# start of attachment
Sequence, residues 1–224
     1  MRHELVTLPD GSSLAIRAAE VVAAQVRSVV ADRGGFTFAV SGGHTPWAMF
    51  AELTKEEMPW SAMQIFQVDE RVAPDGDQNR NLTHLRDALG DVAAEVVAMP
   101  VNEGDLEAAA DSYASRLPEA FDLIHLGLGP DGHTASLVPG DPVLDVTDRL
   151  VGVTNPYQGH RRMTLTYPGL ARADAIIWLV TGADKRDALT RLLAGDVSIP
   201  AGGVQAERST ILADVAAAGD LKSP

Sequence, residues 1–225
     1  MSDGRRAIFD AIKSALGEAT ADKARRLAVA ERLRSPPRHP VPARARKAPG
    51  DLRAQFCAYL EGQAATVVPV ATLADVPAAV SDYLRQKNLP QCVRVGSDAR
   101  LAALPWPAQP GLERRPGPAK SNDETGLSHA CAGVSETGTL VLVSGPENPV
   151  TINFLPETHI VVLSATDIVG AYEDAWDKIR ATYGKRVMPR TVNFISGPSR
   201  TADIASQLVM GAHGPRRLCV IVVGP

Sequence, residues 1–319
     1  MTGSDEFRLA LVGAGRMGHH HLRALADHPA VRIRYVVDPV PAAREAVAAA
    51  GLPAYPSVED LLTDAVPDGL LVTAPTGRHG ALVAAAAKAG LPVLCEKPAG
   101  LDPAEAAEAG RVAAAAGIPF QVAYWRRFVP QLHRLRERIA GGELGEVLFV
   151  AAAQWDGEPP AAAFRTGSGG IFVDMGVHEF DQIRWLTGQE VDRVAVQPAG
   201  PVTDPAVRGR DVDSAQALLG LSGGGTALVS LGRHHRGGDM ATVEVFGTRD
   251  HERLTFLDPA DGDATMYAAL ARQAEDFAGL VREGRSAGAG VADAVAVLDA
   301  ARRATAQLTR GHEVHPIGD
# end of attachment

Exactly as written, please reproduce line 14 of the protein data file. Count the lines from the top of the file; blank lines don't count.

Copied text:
     1  MTGSDEFRLA LVGAGRMGHH HLRALADHPA VRIRYVVDPV PAAREAVAAA